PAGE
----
Lib Dem parliamentary candidate for Cheltenham Max Wilkinson has warned that a government “funding crisis” is forcing local nurseries and pre-schools out of business.
The decision by the Tory government in 2017 to introduce 30 hours of free childcare a week for three and four-year-olds has proven financially unsustainable for providers.
Since the scheme was introduced, government funding for the free places has remained frozen at the same level in Gloucestershire, while staff costs and responsibilities have risen.
During a recent visit to Hatherley Pre-School in Cheltenham, Max was told parents are asked for voluntary contributions of 50p her hour to ensure activities and staffing provide an outstanding service.
Earlier this year, Elfin Nursery Pre-School in Up Hatherley was forced to close after 32 years due to the crippling effects of the policy.
Max said: “We all know the importance of early years to a child’s physical and mental development and future life chances. So it is vital children in Cheltenham get the very best experience from our nurseries and pre-schools.
“The government’s woeful underfunding for 30 hours of free childcare a week has placed a completely unsustainable burden on providers.
“We have already seen how this policy has forced at least one pre-school in Cheltenham to close and it is stretching many others, like Hatherley Pre-School, to breaking point.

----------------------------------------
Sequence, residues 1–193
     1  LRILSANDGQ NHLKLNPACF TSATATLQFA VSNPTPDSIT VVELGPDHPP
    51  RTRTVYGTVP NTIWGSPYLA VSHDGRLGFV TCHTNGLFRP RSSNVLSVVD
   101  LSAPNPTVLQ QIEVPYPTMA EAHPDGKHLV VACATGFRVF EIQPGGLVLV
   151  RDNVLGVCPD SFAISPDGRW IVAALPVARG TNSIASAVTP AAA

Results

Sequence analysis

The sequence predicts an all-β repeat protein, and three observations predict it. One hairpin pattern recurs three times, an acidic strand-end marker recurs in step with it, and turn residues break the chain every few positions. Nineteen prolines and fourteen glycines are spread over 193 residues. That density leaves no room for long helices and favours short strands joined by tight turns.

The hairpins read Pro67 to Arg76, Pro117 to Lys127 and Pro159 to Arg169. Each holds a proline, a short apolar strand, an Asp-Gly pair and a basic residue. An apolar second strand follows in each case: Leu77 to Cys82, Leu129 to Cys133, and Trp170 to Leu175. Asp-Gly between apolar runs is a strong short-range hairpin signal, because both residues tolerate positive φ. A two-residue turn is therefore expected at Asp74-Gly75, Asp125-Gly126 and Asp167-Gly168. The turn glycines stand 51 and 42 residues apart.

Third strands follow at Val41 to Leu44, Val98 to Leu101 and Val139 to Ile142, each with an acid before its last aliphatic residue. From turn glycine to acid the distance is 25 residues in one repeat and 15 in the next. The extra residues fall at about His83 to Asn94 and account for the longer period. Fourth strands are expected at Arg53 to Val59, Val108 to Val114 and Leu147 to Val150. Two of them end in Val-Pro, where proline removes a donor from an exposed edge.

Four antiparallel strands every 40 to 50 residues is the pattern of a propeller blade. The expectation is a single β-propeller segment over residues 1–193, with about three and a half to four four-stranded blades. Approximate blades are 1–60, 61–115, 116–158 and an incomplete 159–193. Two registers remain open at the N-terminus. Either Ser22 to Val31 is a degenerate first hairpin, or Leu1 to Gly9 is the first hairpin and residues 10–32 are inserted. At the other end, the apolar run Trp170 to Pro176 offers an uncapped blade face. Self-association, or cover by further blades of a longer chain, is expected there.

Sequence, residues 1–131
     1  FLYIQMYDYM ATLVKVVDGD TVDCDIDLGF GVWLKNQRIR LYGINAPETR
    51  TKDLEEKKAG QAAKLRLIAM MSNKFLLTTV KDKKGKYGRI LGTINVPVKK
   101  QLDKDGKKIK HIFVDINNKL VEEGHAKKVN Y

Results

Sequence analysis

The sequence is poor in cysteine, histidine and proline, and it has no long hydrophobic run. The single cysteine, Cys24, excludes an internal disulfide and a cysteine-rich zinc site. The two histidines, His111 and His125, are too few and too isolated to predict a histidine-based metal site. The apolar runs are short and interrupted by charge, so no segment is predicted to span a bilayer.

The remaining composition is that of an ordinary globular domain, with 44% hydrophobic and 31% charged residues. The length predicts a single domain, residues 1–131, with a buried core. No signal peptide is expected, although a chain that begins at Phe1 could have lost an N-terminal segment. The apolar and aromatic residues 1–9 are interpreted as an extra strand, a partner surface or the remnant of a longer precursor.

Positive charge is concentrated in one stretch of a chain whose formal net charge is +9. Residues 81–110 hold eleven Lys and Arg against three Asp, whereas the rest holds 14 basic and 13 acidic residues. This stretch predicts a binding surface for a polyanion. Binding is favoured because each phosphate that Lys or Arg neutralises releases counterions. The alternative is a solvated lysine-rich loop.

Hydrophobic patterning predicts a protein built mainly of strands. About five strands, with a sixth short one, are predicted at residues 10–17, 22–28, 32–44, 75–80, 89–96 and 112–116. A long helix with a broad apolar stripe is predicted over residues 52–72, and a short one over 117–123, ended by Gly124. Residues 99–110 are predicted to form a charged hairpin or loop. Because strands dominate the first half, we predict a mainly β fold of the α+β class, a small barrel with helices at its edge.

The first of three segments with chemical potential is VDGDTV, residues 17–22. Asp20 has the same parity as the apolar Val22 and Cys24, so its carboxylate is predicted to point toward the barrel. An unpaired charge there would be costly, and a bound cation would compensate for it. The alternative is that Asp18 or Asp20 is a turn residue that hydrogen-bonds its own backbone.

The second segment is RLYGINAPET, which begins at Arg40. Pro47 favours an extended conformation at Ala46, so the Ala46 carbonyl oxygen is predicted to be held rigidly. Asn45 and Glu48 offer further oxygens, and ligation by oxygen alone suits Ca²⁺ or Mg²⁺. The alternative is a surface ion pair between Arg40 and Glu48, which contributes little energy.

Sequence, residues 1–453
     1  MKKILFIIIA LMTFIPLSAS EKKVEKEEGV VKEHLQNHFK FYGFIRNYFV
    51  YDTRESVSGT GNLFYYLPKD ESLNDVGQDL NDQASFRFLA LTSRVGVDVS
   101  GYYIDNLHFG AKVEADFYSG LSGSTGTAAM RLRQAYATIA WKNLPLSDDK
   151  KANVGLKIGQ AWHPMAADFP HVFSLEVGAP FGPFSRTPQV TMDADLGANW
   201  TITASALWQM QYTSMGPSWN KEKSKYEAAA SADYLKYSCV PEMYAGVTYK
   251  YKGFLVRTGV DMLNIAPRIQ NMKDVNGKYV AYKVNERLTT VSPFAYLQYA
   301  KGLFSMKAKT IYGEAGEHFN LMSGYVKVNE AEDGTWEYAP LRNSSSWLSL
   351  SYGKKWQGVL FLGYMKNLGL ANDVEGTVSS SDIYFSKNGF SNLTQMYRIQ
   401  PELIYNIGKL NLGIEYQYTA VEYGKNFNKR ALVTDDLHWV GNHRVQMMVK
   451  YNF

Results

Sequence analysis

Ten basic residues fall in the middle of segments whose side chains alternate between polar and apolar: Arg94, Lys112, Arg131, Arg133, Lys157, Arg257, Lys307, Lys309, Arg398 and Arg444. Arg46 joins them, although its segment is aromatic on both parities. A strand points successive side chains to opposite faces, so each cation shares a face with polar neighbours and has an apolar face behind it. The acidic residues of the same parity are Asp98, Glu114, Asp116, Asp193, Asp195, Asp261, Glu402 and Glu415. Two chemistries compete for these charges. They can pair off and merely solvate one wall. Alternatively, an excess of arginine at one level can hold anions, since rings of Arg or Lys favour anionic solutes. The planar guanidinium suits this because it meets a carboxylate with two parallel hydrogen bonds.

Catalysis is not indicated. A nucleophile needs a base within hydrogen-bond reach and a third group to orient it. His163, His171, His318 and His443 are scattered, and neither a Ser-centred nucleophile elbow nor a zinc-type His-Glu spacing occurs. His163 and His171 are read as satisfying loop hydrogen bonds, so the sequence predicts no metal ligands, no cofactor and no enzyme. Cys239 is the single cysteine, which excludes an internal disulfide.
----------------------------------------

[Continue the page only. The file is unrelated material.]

“The Liberal Democrats demand better for our children’s futures and are committed to fixing this funding crisis created by the Tory government.
“As Cheltenham’s MP I will fight for proper funding for all our brilliant pre-schools and nurseries.”
The decision in 2017 to offer 30 hours of free childcare a week for three and four-year-olds – up from 15 hours – applies to all parents who work the equivalent of 16 hours a week at national minimum wage.
If either parent earns more than £100,000 a year then they are not entitled to the provision.
Since 2017, the hourly rate per child paid by the government to Gloucestershire County Council for childcare for three to four-year-olds has remained frozen, while the national minimum wage for staff has increased by 71p during that period.
Meanwhile, demands from Ofsted on nurseries and pre-schools to achieve an ‘outstanding’ rating have only increased.
To be rated as outstanding, providers must have the correct ratio of staff to children, have an indoor and outdoor facility and also complete paperwork to show educational outcomes. Providers are subject to regular assessments, two-year progress checks and are expected to track the progress of children. Staff need increasing time out of sessions to complete this work.
To ensure they meet Ofsted’s requirements, Hatherley Pre-School has cut back the number of children attending one session per week to enable staff to complete the work.
Hatherley Pre-School leader Justine Chapman said: “The government seems to be coming up with lots of schemes and we are expected to perform miracles.
“We see children who can’t play, look at books or even sing. We are having to do a lot more of the basics due to a change in parenting culture.
“We put a lot of work into each child to give all of them the best opportunities. But we don’t get the applications for staff vacancies that we used to.
“What is the incentive to stay in this job as opposed to another one on minimum wage, which might be less exhausting?”